Celebrate the Irish

Friday, March 17th, 2017 by Jenny Watts
    • Plant potatoes! St. Patrick’s Day is a traditional day to plant potatoes, so the season is upon us now.
    • Broccoli, cabbage, cauliflower, lettuce and other cool season crops should be planted this month for delicious spring harvests.
    • Mouth-watering strawberries should be planted now for delicious berries this summer. Plant them in a sunny, well-drained bed.
    • Plant sweet peas for bouquets of delightful blooms.
    • Last call for bare root fruit trees. This is the most economical way to plant an orchard, so choose your trees now.

Celebrate the Irish

This St. Patrick’s Day, let’s celebrate the Irish by considering the botanical gifts that have come to us from the Irish.

The shamrock or clover has a special significance to the Irish. It is told that St. Patrick used this three-leafed plant to demonstrate the mystery of the Christian Trinity, and thereby converted the King of Ireland to Christianity. There are many different kinds of clover and several if them are grown for shamrocks, including white clover that is the most common one used.

The Irish potato is well-known to all of us. Actually, it didn’t originate in Ireland. It is native to the Andes region of South America and was first brought to Spain by the Spanish explorers. From there it was imported into Ireland in 1543, and came to North America by way of England in 1719. A staple food for many a family in Ireland, England and America, it has made its way into the American diet of meat and potatoes.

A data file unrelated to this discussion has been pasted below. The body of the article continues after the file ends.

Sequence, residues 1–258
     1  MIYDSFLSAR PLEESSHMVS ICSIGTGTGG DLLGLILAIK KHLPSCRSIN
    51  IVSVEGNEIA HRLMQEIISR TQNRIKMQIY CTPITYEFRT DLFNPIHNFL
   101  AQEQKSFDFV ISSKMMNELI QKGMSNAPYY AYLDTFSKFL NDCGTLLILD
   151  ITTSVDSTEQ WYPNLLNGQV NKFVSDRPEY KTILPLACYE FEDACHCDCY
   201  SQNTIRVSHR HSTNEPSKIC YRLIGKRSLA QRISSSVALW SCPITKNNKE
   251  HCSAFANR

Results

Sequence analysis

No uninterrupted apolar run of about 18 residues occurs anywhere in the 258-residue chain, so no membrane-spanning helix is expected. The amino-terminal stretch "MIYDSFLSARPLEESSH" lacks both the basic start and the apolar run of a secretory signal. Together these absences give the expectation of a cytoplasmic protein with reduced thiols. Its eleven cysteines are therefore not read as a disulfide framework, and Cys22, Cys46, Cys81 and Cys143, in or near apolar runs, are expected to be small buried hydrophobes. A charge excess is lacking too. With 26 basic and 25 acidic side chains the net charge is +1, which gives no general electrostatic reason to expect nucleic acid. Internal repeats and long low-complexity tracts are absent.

St. Patrick’s Day is the perfect time to plant potatoes in our area. You can choose from dozens of varieties now: Yukon Gold, Red La Soda, Yellow Finn, French Fingerling and German Butterball and just some of the many varieties ready to go into your garden.

The Irish yew, Taxus baccata ‘Fastigiata’, is an Irish original. In about 1760, a wild yew was taken from the mountains and planted at Florence Court in Northern Ireland. As it grew, it took on an unusually upright form, and by the early 19th century, a nursery was taking cuttings and selling them. All Irish yews grown throughout the world are descended from this one ancient tree.

Hazelnut trees come to us from Ireland. Hazelnuts, or filberts, are a tasty and vitamin-rich nut. Modern cultivars now make larger nuts that are disease-resistant. ‘Jefferson’ produces a sweet, buttery nut, and it is pollenated by the variety ‘Eta’. Forked hazel twigs are still used by water diviners today to locate underground water sources.

The strawberry tree, Arbutus unedo, is native to Ireland. It grows wild in western Ireland where it shares the rocky lake shores with oaks and yews. Its red-brown, shredding bark is very attractive. Clusters of small, white, urn-shaped flowers produce round, red, ¾-inch fruit that resembles strawberries. The dwarf variety, ‘Compacta’, grows only 8–10 feet tall and makes a fine, small specimen tree.

Irish moss doesn’t come from Ireland at all, but rather from the drier climates of Europe. It is called Irish moss because of its rich green foliage, and it makes a good groundcover in sunny places with plenty of moisture.

So here’s to the Irish for sharing their plants as well as their good name.